Having a child live away from home for any period time is no fun. Add the holidays and it is intensely challenging. We were incredibly fortunate to get 78 hours with our eldest for Christmas and it was the best gift this side of heaven. It was also the fastest time has ever passed.
I couldn’t get there fast enough on Thursday. Oversleeping was not in the plan book. Neither was having an issue with one of my tires. And then there was the fact that four tire/auto shops said “we’re too busy” to take a look before I found one that (thankfully) confirmed a low pressure warning and nothing more serious than that. With filled-up tires, I hit the road.
There’s a 100 minute drive separating us from our oldest child. He’s overcoming some hard challenges that he never wanted and doesn’t deserve. It’s requiring being away from home temporarily. Some kids there didn’t get an opportunity to come home. Some don’t have family connections. Some are in a more fragile part of their journey.
I was so excited to see him bound through the door into the lobby. I had to look up as he’s taller than me now. We don’t know much about his bio-dad, but we know that he was very tall. That’s showing at 14 in quite a dramatic way. My little boy is growing up rapidly and while I’m not 100 percent ok with that, I’m trying to enjoy every moment of this life stage that I can.
Baby brother had a cold, so we adjusted lots of plans for Christmas. The first was taking care of some errands on our way home, in case a quarantine was in our future. We also cancelled ourselves from our small group Christmas gathering just to be safe. Eldest one was sad not to see his friends and our extended “family.” Supplies in hand, we headed home, and I took baby brother to the doctor and mama bear got to spend sometime with her not-so-little baby boy.
I can’t believe it’s only been 9 years since we heard him and his brother through the walls of the child welfare building on our way to meet them for the first time. Two blonde, blue eyed chatty and hyper little boys. Our lives changed when we first got the call, three days before we met them. His bio-brother., our middle child, is also living away from home and sadly, wasn’t able to come home for Christmas. Hopefully, we’ll be able to visit him before the new year.
No Covid, no flu, nothing serious for the snotty toddler — “just don’t let him sneeze in your face,” said the doctor. Breathing a sigh of relief, I called my parents and let them know our Christmas Eve morning tradition wasn’t cancelled. Spoiler: before the weekend was up, he sneezed in all of our faces as I grab another tissue by the computer.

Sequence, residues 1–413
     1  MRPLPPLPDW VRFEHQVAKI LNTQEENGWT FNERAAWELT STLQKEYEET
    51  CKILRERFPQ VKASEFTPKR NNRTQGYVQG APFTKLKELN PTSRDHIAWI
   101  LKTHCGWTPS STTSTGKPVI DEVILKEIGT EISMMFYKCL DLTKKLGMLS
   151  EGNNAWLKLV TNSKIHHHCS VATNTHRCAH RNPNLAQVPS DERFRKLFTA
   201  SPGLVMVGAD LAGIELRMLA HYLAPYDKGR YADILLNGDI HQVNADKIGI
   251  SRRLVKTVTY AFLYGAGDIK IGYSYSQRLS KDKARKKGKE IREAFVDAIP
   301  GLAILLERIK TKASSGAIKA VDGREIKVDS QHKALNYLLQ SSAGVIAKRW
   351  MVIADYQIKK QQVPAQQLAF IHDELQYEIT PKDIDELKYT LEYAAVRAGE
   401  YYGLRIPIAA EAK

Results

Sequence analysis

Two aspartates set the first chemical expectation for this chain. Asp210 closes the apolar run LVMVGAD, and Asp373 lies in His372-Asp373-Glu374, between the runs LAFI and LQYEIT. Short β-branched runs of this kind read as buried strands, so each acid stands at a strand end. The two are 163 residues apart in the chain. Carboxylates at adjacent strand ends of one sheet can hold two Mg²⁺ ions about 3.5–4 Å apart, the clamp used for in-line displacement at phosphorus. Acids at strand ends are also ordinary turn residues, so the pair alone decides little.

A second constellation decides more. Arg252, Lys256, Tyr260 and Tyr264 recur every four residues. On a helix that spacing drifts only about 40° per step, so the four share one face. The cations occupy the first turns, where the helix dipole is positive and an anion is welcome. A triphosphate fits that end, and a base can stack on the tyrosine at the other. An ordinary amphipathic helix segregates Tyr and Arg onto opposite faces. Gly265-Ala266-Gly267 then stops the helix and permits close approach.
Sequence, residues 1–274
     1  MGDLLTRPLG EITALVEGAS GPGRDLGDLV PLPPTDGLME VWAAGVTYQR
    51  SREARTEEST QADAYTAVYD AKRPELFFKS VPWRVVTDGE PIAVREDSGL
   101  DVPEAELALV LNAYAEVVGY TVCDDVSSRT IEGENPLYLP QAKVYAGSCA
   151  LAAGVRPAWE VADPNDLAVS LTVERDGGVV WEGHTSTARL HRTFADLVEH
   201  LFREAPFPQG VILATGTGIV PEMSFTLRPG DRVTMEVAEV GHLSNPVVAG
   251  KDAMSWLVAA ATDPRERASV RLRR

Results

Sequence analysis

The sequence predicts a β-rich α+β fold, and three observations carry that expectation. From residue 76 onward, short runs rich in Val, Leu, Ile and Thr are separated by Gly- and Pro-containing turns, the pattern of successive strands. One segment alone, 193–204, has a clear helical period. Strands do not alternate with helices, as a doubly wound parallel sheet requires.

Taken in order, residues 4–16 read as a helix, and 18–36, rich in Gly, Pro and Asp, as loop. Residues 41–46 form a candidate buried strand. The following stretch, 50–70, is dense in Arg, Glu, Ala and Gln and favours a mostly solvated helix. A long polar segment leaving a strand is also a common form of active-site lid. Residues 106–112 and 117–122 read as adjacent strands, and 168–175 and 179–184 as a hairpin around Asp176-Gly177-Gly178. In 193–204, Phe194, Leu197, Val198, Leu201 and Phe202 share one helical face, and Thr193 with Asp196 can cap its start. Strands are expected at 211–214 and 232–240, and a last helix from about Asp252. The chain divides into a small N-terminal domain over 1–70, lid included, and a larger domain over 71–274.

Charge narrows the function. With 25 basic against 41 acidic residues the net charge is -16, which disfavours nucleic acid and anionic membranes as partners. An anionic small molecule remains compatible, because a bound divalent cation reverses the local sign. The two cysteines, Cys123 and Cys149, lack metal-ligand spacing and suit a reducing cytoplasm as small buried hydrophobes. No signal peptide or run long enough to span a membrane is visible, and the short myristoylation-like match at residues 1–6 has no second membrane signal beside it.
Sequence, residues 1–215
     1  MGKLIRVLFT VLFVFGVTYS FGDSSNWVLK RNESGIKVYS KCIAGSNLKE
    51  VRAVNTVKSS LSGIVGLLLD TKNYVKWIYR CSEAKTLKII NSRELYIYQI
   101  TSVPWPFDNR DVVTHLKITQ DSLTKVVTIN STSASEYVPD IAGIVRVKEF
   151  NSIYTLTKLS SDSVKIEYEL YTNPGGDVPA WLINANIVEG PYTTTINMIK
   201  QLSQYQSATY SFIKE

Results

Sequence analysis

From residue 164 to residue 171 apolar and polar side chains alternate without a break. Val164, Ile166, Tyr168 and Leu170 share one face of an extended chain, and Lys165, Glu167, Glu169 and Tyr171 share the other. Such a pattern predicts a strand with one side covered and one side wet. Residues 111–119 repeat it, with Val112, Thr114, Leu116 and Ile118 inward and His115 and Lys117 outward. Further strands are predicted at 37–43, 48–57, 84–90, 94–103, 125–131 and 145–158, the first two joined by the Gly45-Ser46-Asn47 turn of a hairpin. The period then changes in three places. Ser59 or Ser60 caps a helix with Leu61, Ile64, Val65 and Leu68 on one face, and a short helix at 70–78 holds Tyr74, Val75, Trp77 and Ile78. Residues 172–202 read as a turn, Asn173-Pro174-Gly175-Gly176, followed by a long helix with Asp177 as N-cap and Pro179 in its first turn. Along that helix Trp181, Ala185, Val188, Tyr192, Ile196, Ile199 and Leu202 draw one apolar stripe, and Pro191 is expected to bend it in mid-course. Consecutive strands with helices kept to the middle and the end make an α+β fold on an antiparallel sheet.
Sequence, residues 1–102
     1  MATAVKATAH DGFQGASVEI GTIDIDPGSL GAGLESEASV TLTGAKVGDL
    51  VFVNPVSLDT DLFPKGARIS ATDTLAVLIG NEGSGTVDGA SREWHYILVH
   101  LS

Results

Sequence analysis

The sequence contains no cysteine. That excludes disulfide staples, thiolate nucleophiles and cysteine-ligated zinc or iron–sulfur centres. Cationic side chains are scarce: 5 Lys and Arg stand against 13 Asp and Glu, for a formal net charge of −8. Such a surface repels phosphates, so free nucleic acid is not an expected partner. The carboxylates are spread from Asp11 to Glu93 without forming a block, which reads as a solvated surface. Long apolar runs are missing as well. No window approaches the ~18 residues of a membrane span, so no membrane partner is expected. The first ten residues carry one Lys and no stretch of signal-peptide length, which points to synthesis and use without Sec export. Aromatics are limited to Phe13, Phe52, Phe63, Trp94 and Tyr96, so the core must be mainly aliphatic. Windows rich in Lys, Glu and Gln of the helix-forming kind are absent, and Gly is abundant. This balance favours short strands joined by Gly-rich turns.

It was a very simple Christmas. Pandemic aside, 2021 has been extremely hard. We enjoyed a Christmas Eve brunch with my folks before opening presents with them. Then, we spent the remainder of the day enjoying our presents before preparing for Santa’s arrival and Christmas with the four of us.
Sometimes in North Carolina, Jesus’s birthday is just plain hot. And this year was no exception. After all the packages were opened, we headed outside in shorts & t-shirts to spent as much time with him as we possibly could. We listened as he strummed his new guitar, watched him glide about on his skateboard. He binged Fortnite and ate chocolate seemingly every other moment. We smiled and laughed while he battled cars and ninjas with baby snot.
For a few moments, having two of three home was as perfect as life was going to get for some time. It was amazing. Four thousand six hundred and eighty moments to be exact.
Many wrongly believe that when an adoption is certified, issues disappear. Truth be told, adoption is a trauma in and of itself and it often is the starting point for struggles from earlier in life to manifest. Neither of my kids asked for what happened to them in this life. They’re not guilty, they’re not responsible. They are children born into heartachingly terrible circumstances made worse by poor parental decision making.
As the weekend continued, which was the longest we’ve been together since May, I could see less and less of my little boy in his eyes and his smile and his laugh. I see a man emerging. A boy-man right now who is facing his challenges head-on with minimal complaint. He’s working through things harder than any 14 year-old should and he’s winning the battle.
On the way home, he asked for seafood for dinner. We found a place near his destination. The food came super fast. Yes there was a deadline to have him returned, but I wanted to drag it out to the last possible moment. To prolong the goodbye, I opted for the slowest route Waze could conjure. Twenty-nine minutes from seafood to see-you-later. I longed for every possible red light.
Goodbye for now was hard, ya’ll. It was hard.
On the ride home, I thought about who he might be. A litigator would be possible- he’s really good with words. A graphic designer is a good guess too. He’s very gifted in drawing and art. A businessman is very likely- he’s got a killer business plan for his own power washing business ready to go.
I don’t know who he’ll grow up to be, but I know he’s mine. And, I know that God is writing an amazing story in his life and we are a long ways from the final chapter. I can’t wait for the time when he comes home and we aren’t limited to just 78-hours.